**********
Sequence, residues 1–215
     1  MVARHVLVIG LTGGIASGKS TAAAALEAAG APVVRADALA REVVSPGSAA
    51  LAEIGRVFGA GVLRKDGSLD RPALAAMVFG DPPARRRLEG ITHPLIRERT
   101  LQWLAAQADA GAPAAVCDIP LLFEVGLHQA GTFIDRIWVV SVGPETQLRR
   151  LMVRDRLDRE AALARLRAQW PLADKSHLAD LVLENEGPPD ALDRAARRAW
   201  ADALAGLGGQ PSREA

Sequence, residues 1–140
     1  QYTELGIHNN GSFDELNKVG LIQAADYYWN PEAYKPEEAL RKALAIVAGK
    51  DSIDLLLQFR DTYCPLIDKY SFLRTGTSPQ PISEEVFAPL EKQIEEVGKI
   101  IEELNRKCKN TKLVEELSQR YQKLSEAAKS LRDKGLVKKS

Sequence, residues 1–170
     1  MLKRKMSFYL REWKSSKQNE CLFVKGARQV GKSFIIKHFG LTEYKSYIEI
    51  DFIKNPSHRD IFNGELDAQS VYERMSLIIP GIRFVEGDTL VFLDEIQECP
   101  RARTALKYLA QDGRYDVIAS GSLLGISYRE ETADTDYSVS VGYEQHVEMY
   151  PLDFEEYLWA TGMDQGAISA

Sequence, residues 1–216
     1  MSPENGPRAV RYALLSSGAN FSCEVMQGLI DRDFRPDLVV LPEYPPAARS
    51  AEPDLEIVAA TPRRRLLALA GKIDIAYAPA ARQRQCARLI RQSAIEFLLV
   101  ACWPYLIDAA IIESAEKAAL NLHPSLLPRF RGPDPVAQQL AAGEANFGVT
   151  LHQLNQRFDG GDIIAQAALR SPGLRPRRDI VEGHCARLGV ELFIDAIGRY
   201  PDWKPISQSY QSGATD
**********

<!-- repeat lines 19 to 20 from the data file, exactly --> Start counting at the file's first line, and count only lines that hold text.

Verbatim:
   101  ACWPYLIDAA IIESAEKAAL NLHPSLLPRF RGPDPVAQQL AAGEANFGVT
   151  LHQLNQRFDG GDIIAQAALR SPGLRPRRDI VEGHCARLGV ELFIDAIGRY